Virgil had a wonderful life with his adoptive mom, Gigi, who adored him. Sadly, he passed away on February 9. Adopted several years ago, he will also be greatly missed by his family and his long-term foster, Cheri. Rest in peace little Virgil.
Olive, was a sweet and gentle senior who was both deaf and blind, she passed away on February 16. Olive was fortunate to know the love of her forever mom, Priscilla, following the loving foster care given by Carol in 2014. Olive was both deaf and blind but as Priscilla recalls, “She filled my world with a special love. She never saw my face…she never heard my voice, though I spoke to her all day. My scent and my touch was how she knew me, and when she connected to it her tail would slowly wag and pick up speed as I got closer.”
Priscilla is grateful to have had the opportunity to love Olive at the end of her life, “Olive fulfilled what she was meant to do for me, and I fulfilled what I was meant to do for her.”
For a list of all upcoming events check us out on facebook:
You do not need to sign up for an entire day. Even a couple hours helps.
To sign up to volunteer at an event, please email firstname.lastname@example.org. Thank you!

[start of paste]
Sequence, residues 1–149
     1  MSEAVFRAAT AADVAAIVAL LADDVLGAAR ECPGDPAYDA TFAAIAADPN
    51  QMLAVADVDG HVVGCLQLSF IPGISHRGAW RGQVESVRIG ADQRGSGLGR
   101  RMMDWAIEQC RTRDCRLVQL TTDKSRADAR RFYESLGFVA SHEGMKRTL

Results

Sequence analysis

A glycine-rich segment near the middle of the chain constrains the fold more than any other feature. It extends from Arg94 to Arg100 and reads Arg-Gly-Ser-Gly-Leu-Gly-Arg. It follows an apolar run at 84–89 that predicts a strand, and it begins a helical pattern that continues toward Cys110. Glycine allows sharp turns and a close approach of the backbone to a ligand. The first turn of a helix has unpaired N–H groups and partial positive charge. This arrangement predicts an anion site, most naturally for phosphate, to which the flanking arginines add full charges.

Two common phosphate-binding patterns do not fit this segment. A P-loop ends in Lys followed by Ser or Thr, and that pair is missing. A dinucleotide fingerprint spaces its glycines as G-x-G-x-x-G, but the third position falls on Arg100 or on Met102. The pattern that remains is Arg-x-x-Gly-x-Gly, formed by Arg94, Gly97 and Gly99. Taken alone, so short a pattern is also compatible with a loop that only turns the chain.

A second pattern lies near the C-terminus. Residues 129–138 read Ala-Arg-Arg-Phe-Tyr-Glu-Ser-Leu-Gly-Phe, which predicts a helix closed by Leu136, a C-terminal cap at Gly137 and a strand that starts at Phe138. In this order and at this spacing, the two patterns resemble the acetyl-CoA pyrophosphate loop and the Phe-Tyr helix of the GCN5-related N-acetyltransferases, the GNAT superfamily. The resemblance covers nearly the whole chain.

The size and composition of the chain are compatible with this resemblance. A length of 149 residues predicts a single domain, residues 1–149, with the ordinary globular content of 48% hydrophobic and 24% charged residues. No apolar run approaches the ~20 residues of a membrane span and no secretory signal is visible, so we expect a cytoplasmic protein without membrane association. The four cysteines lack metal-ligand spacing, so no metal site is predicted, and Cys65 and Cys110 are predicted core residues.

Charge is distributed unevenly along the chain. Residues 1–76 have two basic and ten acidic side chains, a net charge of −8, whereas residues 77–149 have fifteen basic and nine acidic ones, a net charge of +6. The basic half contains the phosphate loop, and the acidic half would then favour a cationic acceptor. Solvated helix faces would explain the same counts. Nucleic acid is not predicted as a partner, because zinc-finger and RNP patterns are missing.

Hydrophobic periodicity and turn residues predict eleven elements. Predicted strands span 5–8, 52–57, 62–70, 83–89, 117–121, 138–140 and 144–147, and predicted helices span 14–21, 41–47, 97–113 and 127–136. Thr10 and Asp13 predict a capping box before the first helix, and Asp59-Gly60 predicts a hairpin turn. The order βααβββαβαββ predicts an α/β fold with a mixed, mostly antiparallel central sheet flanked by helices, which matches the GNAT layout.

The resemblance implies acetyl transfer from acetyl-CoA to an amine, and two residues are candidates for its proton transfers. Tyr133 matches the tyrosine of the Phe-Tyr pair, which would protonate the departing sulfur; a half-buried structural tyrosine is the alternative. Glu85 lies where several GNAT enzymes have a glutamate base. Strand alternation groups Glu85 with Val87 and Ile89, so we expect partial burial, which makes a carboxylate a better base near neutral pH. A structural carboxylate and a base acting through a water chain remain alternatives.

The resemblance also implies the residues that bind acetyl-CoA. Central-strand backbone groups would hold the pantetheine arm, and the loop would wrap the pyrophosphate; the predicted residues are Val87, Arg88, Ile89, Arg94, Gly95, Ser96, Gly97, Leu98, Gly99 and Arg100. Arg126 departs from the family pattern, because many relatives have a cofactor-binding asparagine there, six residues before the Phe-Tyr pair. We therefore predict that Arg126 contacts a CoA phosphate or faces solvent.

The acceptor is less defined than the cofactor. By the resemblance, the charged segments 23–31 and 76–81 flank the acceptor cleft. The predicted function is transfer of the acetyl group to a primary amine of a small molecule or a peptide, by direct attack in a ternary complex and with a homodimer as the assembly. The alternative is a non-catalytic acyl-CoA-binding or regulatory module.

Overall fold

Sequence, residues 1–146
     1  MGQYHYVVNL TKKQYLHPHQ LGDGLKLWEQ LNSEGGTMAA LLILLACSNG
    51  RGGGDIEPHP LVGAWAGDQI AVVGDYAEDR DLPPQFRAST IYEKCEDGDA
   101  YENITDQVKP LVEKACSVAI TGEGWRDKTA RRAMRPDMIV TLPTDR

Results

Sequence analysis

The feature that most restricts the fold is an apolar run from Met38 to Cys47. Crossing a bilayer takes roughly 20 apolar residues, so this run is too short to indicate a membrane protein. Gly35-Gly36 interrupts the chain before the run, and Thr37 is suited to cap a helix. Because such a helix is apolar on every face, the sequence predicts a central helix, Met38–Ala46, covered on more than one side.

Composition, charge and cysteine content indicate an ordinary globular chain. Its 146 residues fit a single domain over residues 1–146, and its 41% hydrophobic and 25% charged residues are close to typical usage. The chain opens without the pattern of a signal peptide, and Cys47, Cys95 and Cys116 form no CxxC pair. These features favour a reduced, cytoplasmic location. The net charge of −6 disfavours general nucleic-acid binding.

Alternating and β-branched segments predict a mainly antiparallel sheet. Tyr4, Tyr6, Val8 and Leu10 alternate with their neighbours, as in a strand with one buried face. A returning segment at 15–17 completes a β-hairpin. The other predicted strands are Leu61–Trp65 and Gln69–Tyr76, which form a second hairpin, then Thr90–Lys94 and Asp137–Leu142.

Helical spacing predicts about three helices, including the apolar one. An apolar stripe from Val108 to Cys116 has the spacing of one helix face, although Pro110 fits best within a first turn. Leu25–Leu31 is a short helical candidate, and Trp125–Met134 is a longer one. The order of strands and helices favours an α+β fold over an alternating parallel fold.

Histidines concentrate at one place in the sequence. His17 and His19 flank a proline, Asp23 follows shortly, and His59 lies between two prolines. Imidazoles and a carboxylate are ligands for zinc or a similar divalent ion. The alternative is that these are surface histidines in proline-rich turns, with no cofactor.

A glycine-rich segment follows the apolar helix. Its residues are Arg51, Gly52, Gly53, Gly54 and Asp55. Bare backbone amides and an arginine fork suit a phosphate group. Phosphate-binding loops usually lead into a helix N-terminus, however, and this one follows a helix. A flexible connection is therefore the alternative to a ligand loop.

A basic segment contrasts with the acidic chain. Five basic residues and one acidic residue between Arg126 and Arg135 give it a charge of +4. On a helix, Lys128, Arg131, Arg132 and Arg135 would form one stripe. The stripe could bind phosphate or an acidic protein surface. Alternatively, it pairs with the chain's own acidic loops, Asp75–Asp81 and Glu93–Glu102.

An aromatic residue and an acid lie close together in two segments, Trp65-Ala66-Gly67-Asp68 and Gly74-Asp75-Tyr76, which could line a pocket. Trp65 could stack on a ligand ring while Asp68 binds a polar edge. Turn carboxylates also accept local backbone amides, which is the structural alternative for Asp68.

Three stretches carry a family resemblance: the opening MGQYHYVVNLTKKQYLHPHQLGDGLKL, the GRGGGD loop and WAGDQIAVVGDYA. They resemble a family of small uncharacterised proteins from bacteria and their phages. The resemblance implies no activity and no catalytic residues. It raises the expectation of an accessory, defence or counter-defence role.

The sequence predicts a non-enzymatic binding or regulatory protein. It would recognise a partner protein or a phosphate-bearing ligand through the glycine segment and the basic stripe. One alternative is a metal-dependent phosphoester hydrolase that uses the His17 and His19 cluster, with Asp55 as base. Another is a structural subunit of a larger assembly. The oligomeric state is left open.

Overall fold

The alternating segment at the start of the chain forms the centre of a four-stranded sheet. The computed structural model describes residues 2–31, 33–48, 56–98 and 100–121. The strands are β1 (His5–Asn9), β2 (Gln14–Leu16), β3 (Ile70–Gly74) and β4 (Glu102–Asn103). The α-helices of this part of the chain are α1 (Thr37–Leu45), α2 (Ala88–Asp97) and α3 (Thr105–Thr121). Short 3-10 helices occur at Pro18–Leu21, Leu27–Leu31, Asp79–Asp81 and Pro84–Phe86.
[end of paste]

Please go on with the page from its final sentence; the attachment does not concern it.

PENNSYLVANIA EVENTS for 2016
SATURDAY, MARCH 12, 2016 – Confirmed– Volunteers Needed
EVENT: Pets Plus Supply
PLACE: 700 Nutt Rd.
TIME: 10am – 2pm
CONTACT INFO: Chris or Paul at the store
SUNDAYMARCH 13, 2016 – Confirmed– Volunteers Needed
EVENT: Hanover PetCo
TIME: 11am – 2pm
NEW JERSEY EVENTS
SATURDAY APRIL 16, 2016– Volunteers Needed
PLACE: 6th & the Boardwalk
Ocean City, NJ
(on the field behind the Civic Center, next to the High School Football Field)
TIME: 12noon – 4pm
SET UP: after 9am
CONTACT INFO: TSBHR, Amy Allen, Box 24, Pennsville, NJ 08070. email@example.com
Look Who Got Adopted!
Our puppies Seger and ZIMBA!!
shown here playing with their foster sister
Congratulations on your furever homes!
Do you have any story ideas, questions or comments?
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Thank you for joining us today at Daisy’s Rescue (www.daisysrescue.com), we hope that you enjoyed todays article and that you found it helpful. Please remember to visit and like our Face Book page at www.facebook.com/daisysrescue . You can email Daisy at firstname.lastname@example.org . You can download Daisy’s Rescue podcasts at ITunes.com or www.daisysrescue.com/podcast/